Effects of the economy are continuing to change how the world works on many levels. For nonprofits,one of these adjustments comes in the form of exploring alternative funding sources. As such, the idea of social entrepreneurship is beginning to take a firmer hold. J. Gregory Dees, founder of the Center for the Advancement of Social Entrepreneurship at Duke University’s Fuqua School of Business, explains this movement: “It combines the passion of a social mission with an image of business-like discipline, innovation, and determination commonly associated with, for instance, the high-tech pioneers of Silicon Valley.”
The buzzword is a somewhat recent development (within the last few decades), but the practice of social entrepreneurship is not new. According to brighthub.com, it can be traced back as early as the 18th century and includes legendary figures such as Florence Nightingale, who established the first nursing school; Maria Montessori, famous for her early education methods; and Franklin Delano Roosevelt, known for his initiatives to pull the United States out of the Great Depression.
A recent Courier Post Online article gives some examples of present-day social entrepreneurship successes:
- Established in 1963, Seattle’s Pioneer Human Services achieves its mission of helping those with mental health, substance abuse, or criminal histories with profits made from several endeavors. Business activities such as warehousing, food service, manufacturing, and distribution now fund a whopping 99 percent of the assistance program.
- A Zen Buddhist meditation group led by Bernard Tetsugen Glassman, a former aerospace engineer, started Greyston Bakery in 1982. The Yonkers, New York-based business takes the traditional bake sale concept of fund raising to a whole new level. Its website states, “We don’t hire people to bake brownies. We bake brownies to hire people.” Here, the sale of brownies funds such projects as affordable child care, health care for HIV patients, housing for homeless individuals, and technology education. The bakery provides desserts to top-notch New York City restaurants and also has become the sole-source for brownies used in Ben and Jerry’s ice cream.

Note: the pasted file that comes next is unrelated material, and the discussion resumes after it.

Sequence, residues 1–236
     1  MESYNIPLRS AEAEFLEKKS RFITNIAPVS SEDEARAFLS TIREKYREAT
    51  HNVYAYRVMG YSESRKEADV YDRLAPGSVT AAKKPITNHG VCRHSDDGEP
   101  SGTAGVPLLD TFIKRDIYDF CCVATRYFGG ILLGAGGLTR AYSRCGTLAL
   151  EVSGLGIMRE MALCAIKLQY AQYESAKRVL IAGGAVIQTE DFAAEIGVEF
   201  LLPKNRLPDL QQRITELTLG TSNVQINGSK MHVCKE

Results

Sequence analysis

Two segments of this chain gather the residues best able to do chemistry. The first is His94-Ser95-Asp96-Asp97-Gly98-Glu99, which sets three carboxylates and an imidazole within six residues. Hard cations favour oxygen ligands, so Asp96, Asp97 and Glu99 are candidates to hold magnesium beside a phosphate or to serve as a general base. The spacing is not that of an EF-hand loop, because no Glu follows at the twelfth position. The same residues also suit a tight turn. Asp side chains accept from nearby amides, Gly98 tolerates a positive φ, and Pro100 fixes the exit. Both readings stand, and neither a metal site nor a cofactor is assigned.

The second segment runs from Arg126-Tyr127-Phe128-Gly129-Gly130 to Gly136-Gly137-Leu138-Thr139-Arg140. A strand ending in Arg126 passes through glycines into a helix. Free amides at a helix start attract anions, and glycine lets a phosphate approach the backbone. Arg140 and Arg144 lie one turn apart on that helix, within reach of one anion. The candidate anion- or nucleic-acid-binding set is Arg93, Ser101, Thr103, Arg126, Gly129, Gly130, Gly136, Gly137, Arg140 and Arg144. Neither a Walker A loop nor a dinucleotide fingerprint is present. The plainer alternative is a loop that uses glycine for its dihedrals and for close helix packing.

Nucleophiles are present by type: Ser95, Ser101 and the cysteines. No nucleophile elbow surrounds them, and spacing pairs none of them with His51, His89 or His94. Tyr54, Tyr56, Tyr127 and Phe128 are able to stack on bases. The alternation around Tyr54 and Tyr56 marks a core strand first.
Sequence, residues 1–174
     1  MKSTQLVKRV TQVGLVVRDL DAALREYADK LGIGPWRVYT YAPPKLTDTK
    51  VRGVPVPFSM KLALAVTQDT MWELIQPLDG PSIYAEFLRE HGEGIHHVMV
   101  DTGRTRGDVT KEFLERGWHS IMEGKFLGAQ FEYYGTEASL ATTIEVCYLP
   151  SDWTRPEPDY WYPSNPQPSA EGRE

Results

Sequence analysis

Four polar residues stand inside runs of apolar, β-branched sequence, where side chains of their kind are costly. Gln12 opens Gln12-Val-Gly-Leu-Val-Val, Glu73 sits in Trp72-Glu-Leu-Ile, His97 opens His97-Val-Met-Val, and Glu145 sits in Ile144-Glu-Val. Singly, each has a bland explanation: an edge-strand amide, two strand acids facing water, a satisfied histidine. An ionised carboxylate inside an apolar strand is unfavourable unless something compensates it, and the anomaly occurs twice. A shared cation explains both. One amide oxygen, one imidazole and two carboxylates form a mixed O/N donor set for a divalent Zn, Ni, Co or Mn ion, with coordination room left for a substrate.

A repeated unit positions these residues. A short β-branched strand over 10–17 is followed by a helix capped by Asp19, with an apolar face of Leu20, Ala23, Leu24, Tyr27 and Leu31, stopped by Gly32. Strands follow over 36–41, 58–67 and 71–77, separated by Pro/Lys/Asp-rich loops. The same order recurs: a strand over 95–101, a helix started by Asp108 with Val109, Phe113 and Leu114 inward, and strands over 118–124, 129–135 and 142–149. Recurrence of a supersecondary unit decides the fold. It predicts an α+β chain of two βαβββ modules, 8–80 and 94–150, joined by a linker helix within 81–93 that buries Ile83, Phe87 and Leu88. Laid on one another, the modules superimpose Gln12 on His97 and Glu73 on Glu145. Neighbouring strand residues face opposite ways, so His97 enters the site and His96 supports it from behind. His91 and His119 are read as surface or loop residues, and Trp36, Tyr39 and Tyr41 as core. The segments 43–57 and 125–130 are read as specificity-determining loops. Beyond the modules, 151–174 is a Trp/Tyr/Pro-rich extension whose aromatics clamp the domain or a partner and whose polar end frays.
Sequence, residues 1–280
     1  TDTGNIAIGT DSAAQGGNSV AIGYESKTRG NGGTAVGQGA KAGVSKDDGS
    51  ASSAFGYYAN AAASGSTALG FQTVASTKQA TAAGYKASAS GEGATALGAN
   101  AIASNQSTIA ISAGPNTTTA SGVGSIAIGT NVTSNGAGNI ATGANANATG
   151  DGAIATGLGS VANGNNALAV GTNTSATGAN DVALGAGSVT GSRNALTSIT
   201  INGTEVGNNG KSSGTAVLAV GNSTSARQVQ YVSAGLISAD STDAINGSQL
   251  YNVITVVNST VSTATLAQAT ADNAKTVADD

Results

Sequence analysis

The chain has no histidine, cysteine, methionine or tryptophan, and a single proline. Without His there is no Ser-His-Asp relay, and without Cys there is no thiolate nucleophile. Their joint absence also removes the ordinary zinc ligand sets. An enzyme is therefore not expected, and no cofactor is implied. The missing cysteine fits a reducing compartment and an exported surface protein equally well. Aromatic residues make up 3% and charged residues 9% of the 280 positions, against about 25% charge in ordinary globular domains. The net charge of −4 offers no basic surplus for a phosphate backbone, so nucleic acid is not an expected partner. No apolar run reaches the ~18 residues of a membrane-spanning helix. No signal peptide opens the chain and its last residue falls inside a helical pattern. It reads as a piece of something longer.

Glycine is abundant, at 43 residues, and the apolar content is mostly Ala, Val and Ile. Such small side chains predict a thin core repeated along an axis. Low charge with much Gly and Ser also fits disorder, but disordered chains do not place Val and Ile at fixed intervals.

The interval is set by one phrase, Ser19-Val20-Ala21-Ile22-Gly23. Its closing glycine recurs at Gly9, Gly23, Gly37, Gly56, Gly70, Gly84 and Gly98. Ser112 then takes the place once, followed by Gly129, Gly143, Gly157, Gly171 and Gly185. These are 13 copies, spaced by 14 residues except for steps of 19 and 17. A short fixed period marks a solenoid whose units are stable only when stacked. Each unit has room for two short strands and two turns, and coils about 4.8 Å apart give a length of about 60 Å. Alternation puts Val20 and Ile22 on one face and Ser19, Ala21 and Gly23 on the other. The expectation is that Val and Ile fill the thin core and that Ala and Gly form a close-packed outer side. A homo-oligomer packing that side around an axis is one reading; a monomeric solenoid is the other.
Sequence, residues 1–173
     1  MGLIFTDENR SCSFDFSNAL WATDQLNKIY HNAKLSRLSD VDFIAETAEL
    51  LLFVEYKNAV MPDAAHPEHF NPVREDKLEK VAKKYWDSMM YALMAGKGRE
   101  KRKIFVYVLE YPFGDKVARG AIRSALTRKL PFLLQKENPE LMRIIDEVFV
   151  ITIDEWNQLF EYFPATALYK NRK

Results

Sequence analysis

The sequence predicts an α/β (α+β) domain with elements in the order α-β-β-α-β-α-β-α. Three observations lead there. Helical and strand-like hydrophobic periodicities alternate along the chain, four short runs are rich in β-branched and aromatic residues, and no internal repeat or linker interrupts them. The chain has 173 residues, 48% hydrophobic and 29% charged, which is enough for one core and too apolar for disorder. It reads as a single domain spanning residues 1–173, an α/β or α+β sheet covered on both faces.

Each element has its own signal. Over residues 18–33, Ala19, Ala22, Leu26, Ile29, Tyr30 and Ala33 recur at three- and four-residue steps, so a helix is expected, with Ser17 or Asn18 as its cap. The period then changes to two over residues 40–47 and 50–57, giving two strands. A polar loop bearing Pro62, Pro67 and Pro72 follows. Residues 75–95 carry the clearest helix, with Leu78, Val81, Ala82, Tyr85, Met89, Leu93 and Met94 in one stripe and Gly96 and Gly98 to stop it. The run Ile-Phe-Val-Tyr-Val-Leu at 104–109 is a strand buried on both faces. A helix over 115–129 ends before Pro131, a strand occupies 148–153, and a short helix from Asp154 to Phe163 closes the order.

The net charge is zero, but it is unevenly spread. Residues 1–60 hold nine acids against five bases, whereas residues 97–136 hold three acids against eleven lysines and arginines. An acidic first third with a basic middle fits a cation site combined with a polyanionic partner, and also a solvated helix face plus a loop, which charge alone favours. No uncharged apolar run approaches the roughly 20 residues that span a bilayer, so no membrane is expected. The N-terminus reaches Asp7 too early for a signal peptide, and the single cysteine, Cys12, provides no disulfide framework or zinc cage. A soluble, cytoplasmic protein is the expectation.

- In 2009, Columbus, Ohio-area Lutheran Social Services invested $40,000 in its Freshbox Catering company. The program looked to the business world for leadership and hired an investment analyst to head up the program. The result was $130,000 in sales the first year. While the fact that the program is paying for itself is amazing, Freshbox is also achieving its greater mission of providing jobs and training for the homeless.
Various sectors are now getting involved with social entrepreneurship. Investment companies such as Prudential and Imprint Capital Advisors are taking notice and looking for opportunities to inject capital into companies with worthwhile agendas. Higher education has also taken note. For example, the Social Entrepreneur Corps, founded in 2005, provides college students and new graduates opportunities in developing countries and has instituted partnerships with schools such as University of Notre Dame, Duke University, and Columbia University. Media is shining a light on social entrepreneurship, too; Bloomberg Businessweek is bringing this approach to the forefront in its third-annual 2011 Social Entrepreneurs Roundup. As per its website: “Here’s what we are looking for: entrepreneurs creating profitable, scalable companies to solve social problems. We want businesses with social missions baked into their operations, not tacked on as extras. We want companies that can demonstrate results, both in the marketplace and in their missions.”
As evidenced by Greyston Bakery and many other organizations, this blending of “marketplace… and missions” can be a recipe for success.
For further reading:
“Seeking America’s Most Promising Social Entrepreneurs” – Bloomberg BusinessWeek (submissions accepted through March 31)